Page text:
Let me talk to you about another principle for healing family relationships and this is healing through boundaries, healing through boundaries. This is a very deep and complicated subject and I’m only doing 10 minutes on it today, but Romans 12:18 says this, God says, “if possible, so far as it depends on you, live peaceably with all.” What does “if possible” mean? It’s not a trick question. What does if possible mean? If it’s possible translation: it might not be possible to be at peace with a family member because of decisions that they’re making because of attitudes that they have, but you notice the emphasis here: if possible, so far as it depends on you. In other words, if the relationship’s broken, if the relationship’s not healing, don’t let that be your fault.
This means that God wants us to be ready and willing to seek reconciliation. Now listen, being a person of peace, being eager for reconciliation, being eager for healing, it does not mean being a doormat. It does not mean looking the other way when there is sin, sometimes it means, and this is what we’re talking about now, sometimes it means setting boundaries around a situation with a toxic person. People get so confused about what forgiveness is and what forgiveness isn’t. You can forgive someone without trusting them. Forgiving someone does not mean trusting someone. So let’s say that you’re going through a difficult financial time and you share that with your mom and your mom posts a prayer request on her Facebook page about your financial problems and a week later she comes back to you and says, I wanted to share an update with my prayer group.
What’s going on? Okay, now it would be very appropriate for you to say to your mom, listen, mom, you shouldn’t have shared my personal stuff on Facebook under the guise of a prayer request. I forgive you, I’m not going to harbor anger and bitterness toward you, but I’m also not going to talk to you about my finances anymore. I’m not going to trust you with that information. See, I’ve forgiven her. I don’t harbor anger, bitterness, or resentment, but I’m not going to trust her with that again. It doesn’t mean allowing yourself to continue to be abused and mistreated by a person. Forgiveness also does not mean liking someone. You can forgive them and not like them. Okay listen, like, what is like? Like is a warm fuzzy that you have for nice people. You will like nice people. You have warm feelings for people, that treat you nice, you will like them.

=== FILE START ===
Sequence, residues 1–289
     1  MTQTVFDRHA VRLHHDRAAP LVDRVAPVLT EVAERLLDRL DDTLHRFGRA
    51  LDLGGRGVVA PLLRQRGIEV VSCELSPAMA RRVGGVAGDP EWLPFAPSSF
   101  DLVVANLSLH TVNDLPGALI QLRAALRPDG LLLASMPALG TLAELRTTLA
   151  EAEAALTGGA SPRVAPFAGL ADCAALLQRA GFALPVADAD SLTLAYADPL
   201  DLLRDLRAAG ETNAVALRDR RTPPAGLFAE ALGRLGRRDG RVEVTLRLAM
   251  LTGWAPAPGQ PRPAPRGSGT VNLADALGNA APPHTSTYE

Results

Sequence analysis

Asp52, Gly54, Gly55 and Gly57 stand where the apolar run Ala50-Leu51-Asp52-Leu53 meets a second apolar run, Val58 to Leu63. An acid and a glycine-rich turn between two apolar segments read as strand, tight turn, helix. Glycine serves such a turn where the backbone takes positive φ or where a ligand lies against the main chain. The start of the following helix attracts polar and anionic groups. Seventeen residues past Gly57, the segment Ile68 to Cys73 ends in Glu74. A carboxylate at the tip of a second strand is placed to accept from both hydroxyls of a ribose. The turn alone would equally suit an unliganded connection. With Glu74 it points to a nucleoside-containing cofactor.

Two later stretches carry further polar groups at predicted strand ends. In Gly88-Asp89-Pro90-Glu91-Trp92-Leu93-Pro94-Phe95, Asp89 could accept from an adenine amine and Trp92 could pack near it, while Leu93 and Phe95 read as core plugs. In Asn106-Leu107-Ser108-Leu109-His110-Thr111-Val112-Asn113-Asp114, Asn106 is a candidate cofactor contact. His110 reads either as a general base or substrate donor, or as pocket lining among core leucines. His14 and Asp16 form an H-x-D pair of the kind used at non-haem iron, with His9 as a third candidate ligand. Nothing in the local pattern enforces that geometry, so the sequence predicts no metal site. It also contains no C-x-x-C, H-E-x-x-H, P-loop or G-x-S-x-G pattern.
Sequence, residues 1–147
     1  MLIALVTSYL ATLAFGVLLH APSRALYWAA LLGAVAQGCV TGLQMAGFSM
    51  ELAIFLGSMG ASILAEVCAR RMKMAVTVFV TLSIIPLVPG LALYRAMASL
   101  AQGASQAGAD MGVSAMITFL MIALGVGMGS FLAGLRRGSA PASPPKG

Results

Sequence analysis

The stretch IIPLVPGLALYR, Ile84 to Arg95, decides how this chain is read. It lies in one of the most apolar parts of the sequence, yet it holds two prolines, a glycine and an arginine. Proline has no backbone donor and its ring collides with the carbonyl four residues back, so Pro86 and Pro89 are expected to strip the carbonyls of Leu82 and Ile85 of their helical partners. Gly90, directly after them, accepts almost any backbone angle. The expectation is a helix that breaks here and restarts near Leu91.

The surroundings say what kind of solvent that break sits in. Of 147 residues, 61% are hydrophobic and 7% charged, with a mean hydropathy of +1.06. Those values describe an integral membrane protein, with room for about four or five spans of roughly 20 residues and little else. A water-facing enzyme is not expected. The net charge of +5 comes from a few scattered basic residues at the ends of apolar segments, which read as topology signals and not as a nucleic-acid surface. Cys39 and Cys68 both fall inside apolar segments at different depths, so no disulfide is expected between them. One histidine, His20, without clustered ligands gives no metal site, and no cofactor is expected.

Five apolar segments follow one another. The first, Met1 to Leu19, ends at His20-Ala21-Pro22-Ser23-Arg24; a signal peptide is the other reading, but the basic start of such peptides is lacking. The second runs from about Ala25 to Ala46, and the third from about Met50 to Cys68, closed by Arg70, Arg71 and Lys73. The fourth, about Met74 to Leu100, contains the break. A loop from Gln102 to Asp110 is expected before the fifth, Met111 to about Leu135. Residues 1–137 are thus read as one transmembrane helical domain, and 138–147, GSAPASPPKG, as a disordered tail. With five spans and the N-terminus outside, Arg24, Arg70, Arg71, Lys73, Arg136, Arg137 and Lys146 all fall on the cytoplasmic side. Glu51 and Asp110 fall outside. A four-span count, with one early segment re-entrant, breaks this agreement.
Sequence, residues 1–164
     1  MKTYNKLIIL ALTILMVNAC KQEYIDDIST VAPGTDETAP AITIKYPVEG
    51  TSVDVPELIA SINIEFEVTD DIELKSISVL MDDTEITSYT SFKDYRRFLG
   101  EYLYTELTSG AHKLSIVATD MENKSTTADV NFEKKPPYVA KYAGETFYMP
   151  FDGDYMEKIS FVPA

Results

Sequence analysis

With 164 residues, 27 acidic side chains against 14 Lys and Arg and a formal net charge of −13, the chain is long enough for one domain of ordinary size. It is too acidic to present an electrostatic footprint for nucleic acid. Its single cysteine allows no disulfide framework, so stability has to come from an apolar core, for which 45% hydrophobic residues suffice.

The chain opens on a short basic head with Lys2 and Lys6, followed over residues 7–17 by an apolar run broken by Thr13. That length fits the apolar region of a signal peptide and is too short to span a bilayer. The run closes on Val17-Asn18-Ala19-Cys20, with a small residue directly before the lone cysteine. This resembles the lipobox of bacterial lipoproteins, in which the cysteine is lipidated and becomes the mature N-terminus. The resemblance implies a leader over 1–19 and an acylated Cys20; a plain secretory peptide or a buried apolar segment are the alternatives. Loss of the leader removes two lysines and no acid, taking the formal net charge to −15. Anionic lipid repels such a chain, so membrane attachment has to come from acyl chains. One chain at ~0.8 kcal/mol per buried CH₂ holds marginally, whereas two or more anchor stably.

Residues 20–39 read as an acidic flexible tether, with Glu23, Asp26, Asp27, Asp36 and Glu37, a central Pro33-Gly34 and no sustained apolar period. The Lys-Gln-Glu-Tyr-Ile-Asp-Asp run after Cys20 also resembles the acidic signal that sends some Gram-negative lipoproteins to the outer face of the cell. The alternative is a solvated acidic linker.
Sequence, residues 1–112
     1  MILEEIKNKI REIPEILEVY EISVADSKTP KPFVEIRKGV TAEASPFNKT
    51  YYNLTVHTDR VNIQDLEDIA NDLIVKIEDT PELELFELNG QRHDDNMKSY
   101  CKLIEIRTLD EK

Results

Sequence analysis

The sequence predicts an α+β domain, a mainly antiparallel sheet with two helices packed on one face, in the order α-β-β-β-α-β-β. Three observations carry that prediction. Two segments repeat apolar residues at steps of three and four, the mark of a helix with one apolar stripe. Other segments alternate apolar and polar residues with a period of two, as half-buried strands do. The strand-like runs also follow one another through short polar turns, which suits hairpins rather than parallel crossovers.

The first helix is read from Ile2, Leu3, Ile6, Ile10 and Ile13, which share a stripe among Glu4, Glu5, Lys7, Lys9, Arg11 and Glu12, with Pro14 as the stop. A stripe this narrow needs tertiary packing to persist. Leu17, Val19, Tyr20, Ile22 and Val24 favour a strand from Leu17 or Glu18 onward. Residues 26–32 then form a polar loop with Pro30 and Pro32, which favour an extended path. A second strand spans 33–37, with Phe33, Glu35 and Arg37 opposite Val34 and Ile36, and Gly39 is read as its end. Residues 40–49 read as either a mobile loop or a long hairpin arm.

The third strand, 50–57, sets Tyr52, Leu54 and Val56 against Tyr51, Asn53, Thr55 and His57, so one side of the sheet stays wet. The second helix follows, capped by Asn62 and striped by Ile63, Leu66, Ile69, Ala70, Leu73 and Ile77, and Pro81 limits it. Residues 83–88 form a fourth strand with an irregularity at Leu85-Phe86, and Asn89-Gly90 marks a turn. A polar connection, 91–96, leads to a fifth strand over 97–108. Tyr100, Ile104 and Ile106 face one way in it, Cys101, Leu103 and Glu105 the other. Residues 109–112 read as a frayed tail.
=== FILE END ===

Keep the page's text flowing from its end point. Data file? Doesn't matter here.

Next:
Did you know there’s no commandment in the Bible that you have to like anybody? Thou shalt have warm feelings for all people. Not there because you’re going to like people that are nice and you’re not going to have warm fuzzies for people who aren’t nice. Now, don’t get too excited about that. You have to love the people you don’t like, right? So God doesn’t let us off the hook quite that easy. Let me give you a boundary example from scripture. You remember Joseph with his brothers, right? They’re jealous of him. Strip him naked. Throw him in the well. Sell him into slavery. Tell dad that an animal ate him. Okay, he goes off to Egypt, spends years in prison, but God raises him up right to second in command in Egypt. God uses him to save the people from famine. The brothers come down to Egypt, they’re looking for food. They come into Joseph’s presence. Joseph recognizes them immediately and says, guys, it’s Joseph! It’s me! I’m your brother! I love you! I’m so glad you’re here! Let’s forget everything that happened! We’re back together at last!
Hello. Not quite, right? I skipped some stuff, didn’t I? See Joseph, listen, the Bible does not explicitly tell us this, but I do think it’s a fair inference. I believe that after all those years in prison, that God blessed Joseph with forgiveness for his brothers. You don’t have the sense that Joseph is hanging on to bitterness and anger about what has been done to him. He sees God’s hand in what happened, right? But when the brothers come, so I believe Joseph was free of his anger and bitterness and resentment. He is not going to trust them again. He’s not going to open his heart to them again. He’s not going to enter into relationship with them again until he has evidence that their hearts have changed and that their behaviors changed. He wants to see repentance from them, he wants to see that they’ve acknowledged that what they did was wrong.
So the two events, first he overhears them talking and he says this, the brothers are saying, this is happening to us because of the guilt of our brother because of what we did to Joseph and that’s the first time Joseph goes away and cries, remember, and then the second time is he tests them. Is their behavior going to change? Are they going to sell out Benjamin to save their own hides and when they offer their own lives for Benjamin, they know that they’ve truly repented and it’s at that point then he drops his boundary. He is now willing to enter into relationship with them again. He’s willing to draw them close to him again because they have evidenced changed behaviors. Let me tell you a modern day story. This was couple that was connected to our ministry. Steve and Karen, names changed. Steve and Karen were having difficulties with Karen’s parents, the grandparents of their children.